Wednesday, 13 April 2011

Insomnia - it kills your dreams. Literallly.

Captain James T Kirk got it wrong you know.

He said that space was the final frontier, the place to “explore strange new worlds, seek out new life forms and new civilisations and to boldly go where no man has gone before” .

But it isn’t intergalactic space travel that you need to achieve all these goals, it is something far more humble – a solid night’s dream-laden sleep. No sci-fi writer in the world has yet managed to come up with story lines to match what your mind can produce when the imagination is set free during your sleeping hours.

You do indeed boldly go to places where you have never been and face scenarios you can never imagine.

It’s a mystical, magical world.

Sadly, however, for many people like me this dream world is often ruined by the appearance of a Klingon. And he’s called insomnia.

I have written about my occasional bursts of insomnia a couple of times in this blog/column over the years and it always produces letters or comments later because so many people suffer from this demoralising night time problem. A survey in America in 2002 said that as many as 58 per cent of adults in America experience symptoms of insomnia a few nights a week or more. That seems rather a high figure to me but anecdotally I know that a lot of people are just not getting as much sleep as they would like.

My insomnia – which I understand is called transient insomnia – is like a strange uncle who turns up unexpectedly at a do. He stays as long as he sees fit and then just goes. You don’t know why he decided to come but you suspect after he leaves that he will pop back again when you least expect it. He’s not your favourite uncle.

I’ve had a couple of bouts lately – the most recent on Tuesday night. I had no particular issues on my mind, no reasons to stop me going into dream land but not only did I not have 40 winks but I think I hardly had a single (tiddly) wink. People say that is impossible and you must sleep sometime but all I can say is that my digital clock and I became very well acquainted and if there were bursts of sleep, the clock must have stopped while I had them.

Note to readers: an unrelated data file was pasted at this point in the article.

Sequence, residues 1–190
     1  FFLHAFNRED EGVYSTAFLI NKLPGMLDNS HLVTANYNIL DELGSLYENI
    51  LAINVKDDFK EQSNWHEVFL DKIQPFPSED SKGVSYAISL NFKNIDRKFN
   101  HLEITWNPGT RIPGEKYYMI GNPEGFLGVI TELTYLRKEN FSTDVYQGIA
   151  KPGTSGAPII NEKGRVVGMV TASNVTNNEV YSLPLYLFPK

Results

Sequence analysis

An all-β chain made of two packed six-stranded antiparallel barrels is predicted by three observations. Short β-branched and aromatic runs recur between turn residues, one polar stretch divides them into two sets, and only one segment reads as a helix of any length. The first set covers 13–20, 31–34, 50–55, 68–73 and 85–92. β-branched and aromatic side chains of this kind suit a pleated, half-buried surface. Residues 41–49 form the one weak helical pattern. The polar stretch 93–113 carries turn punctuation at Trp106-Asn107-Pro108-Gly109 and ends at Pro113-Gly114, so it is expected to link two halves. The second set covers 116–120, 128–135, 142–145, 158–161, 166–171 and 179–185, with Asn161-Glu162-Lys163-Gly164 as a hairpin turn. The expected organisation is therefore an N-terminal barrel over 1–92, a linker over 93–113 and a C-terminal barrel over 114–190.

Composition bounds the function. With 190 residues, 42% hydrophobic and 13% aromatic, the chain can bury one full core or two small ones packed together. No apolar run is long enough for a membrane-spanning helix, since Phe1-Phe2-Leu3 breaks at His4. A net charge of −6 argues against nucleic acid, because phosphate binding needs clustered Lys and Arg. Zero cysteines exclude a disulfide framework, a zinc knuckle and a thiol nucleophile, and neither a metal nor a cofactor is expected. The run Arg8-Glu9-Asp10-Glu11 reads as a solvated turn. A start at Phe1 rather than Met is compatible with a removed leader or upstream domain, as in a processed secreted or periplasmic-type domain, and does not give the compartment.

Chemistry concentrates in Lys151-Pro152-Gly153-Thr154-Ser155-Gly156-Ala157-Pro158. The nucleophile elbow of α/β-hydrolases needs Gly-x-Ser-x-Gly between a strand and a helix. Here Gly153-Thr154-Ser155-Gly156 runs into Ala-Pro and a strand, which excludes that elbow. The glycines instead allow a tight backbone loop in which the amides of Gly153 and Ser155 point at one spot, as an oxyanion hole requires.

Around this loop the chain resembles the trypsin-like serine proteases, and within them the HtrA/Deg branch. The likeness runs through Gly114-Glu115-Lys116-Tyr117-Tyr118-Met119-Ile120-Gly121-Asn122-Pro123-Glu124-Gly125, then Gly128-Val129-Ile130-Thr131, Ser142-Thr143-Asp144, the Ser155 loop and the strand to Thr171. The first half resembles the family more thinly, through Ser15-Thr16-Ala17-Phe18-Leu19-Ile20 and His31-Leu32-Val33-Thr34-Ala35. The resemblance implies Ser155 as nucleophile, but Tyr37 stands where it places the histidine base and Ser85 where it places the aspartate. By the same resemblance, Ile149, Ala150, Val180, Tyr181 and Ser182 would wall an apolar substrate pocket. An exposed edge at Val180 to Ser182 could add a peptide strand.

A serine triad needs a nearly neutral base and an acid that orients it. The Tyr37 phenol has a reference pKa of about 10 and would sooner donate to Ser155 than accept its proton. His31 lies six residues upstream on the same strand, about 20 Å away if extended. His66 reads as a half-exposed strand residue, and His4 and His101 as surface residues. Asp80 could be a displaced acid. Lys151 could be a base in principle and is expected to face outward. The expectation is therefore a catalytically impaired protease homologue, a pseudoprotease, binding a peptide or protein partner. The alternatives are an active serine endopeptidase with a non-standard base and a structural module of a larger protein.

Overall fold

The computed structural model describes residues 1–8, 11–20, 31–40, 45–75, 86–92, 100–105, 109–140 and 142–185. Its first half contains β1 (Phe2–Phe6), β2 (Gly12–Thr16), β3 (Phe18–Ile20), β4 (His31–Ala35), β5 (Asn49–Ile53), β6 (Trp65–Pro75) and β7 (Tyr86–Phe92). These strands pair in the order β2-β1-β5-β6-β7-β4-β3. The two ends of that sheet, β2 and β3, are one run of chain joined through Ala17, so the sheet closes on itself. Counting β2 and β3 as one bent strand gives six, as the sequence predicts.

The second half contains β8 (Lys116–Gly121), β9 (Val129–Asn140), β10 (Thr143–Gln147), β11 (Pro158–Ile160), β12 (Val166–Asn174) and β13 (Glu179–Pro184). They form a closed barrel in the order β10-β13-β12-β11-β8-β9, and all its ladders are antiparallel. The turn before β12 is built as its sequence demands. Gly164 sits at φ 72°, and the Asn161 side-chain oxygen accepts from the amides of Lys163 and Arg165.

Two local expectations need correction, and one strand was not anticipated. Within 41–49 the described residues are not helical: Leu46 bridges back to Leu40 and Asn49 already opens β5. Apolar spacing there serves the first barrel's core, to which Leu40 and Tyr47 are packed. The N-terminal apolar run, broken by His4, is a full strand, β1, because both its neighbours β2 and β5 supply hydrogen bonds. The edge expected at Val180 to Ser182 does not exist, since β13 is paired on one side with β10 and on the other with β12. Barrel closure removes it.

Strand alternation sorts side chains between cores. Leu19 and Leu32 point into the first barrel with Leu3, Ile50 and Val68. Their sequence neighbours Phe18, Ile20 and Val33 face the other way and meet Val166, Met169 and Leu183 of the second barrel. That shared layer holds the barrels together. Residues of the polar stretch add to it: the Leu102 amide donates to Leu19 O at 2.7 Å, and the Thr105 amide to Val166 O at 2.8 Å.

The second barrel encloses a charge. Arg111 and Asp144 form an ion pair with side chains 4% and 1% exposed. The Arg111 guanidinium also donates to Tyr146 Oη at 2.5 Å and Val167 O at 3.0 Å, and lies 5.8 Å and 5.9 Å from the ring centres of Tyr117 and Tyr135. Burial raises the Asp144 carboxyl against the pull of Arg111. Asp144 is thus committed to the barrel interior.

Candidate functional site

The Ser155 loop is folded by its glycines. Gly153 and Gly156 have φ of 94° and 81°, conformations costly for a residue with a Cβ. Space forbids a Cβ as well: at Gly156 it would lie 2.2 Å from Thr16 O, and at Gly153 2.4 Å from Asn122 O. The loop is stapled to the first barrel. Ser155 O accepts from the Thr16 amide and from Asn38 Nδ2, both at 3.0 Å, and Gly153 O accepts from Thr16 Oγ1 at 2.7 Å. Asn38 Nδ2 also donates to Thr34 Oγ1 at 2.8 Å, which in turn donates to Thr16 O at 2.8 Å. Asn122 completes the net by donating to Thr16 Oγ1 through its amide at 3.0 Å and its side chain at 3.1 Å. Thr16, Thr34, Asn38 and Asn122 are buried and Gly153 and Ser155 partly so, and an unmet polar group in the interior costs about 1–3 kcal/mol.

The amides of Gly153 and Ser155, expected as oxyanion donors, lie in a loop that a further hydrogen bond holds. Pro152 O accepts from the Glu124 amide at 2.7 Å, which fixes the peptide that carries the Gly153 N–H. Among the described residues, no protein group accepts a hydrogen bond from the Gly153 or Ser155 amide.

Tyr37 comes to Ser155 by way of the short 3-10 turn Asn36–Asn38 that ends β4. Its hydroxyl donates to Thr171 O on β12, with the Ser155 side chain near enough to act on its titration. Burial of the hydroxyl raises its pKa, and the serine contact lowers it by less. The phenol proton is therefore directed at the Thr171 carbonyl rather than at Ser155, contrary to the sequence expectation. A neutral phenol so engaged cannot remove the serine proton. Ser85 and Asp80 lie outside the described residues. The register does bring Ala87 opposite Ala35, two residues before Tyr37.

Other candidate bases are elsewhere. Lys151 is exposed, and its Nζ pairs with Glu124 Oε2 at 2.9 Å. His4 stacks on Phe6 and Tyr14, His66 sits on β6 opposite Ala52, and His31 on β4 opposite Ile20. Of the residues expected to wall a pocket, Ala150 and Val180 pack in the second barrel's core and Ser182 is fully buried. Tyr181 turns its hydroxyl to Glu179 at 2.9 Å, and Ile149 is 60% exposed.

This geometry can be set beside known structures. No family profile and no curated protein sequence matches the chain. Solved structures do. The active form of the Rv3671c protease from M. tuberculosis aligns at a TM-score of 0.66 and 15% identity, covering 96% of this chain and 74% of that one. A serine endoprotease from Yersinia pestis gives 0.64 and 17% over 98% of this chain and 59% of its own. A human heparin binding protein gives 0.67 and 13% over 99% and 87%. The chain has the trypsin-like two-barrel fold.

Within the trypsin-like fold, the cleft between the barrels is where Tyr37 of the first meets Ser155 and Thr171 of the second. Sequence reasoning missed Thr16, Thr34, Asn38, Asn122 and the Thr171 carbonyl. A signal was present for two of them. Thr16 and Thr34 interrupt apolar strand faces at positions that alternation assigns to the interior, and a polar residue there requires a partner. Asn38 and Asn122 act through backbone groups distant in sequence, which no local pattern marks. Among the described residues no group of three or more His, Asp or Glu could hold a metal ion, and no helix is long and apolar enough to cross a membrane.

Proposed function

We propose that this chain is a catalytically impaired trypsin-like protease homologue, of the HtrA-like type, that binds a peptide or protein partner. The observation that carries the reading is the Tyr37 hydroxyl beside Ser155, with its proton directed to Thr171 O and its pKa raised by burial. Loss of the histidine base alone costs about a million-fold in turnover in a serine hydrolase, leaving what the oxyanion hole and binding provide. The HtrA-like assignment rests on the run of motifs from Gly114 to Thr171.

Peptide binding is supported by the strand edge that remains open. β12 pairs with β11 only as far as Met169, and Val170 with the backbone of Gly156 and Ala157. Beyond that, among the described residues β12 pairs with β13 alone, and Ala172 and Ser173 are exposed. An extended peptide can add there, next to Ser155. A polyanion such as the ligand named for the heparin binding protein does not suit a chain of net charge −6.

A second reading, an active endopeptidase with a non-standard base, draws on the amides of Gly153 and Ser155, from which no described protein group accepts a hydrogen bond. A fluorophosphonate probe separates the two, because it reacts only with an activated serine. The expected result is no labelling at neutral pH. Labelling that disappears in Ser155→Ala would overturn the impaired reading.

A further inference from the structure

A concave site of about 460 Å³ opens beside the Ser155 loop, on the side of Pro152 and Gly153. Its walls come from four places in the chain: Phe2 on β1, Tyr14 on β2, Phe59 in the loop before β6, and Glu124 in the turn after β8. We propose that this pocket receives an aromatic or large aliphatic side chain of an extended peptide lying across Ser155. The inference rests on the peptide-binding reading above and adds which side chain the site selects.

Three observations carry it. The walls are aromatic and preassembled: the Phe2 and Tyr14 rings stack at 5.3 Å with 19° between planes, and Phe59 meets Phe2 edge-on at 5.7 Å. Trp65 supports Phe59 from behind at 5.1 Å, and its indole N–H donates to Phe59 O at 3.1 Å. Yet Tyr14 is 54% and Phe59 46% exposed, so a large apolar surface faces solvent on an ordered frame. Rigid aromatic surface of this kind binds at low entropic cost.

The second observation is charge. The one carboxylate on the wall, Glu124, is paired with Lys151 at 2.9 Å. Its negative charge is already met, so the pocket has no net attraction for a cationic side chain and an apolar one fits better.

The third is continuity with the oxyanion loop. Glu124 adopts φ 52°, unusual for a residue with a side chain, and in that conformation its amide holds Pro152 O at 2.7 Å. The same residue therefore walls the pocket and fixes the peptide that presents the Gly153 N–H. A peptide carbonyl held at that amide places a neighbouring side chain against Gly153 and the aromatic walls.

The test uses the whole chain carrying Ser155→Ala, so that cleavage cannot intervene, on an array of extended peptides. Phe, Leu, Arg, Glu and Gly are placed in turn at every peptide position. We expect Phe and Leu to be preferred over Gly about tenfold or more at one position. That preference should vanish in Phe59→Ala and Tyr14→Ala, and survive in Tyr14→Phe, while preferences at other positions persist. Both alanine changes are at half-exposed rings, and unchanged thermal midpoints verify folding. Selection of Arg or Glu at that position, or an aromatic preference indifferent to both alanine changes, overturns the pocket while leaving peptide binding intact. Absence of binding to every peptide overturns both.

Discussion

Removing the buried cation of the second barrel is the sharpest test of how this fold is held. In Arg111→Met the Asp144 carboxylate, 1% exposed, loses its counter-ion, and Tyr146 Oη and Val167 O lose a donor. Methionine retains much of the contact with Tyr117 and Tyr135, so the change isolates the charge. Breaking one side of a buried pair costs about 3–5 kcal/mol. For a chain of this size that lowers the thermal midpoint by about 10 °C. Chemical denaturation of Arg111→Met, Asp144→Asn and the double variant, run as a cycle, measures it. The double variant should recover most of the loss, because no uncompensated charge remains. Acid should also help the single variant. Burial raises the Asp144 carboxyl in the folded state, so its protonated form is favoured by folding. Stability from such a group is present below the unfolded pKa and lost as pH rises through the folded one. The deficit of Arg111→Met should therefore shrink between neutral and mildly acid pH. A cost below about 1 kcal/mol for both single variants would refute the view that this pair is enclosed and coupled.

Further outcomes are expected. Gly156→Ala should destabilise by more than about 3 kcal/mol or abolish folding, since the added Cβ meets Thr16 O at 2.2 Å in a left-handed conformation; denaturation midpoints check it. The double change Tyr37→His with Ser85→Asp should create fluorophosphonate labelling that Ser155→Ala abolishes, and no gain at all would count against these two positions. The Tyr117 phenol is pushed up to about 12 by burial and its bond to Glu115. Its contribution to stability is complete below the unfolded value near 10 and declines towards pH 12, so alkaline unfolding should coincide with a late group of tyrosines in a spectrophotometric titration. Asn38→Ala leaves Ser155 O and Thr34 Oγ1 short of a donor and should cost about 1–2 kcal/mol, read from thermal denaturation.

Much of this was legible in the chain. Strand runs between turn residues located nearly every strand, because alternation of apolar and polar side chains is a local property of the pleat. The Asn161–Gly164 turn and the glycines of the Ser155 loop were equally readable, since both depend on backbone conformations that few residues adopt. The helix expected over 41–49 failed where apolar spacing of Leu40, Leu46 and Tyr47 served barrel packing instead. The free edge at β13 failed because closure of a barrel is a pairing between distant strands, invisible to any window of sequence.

I tried all my usual methods to help me sleep – but to no avail. One I would heartily recommend to other sufferers which usually does the trick is to look at the time and if it is, say 11.15pm, then remember what you were doing at every quarter past the hour throughout the day. Normally I am asleep before I get to lunchtime. On Tuesday though even this fail-safe system, err, failed.

The problem with insomnia is that even as and when you get through the night you then carry it over to the following day. On Wednesday morning, as I write this, I still feel alert and ready for action (ish) but I won’t get home tonight until about 11pm because I’m chairing an election debate at St Martin’s Church. To anyone who was there can I, therefore, just say that if I did fall asleep, it was nothing to do with the politicians. Honest.

So to all those who are reading this who are fellow sufferers, you have my total sympathy. I just hope that tonight you can boldly go into your lovely dreamland and leave the Klingon well behind.


Derek said...

Dreamt I was playing keyboards for the Rezillos last night. Didn't want to wake up

ChrisCross said...

Lovely blog Sam. I've had two nights like that this week - last night I looked at the clock at 'twenty to' every hour. Far from feeling alert though, I feel totally washed out, very Grumpy, and even less able to cope with Life, the Universe and Everything than usual.

andy said...

Always used to have the same dream that my car had been stolen and I was out looking for it. What does that mean?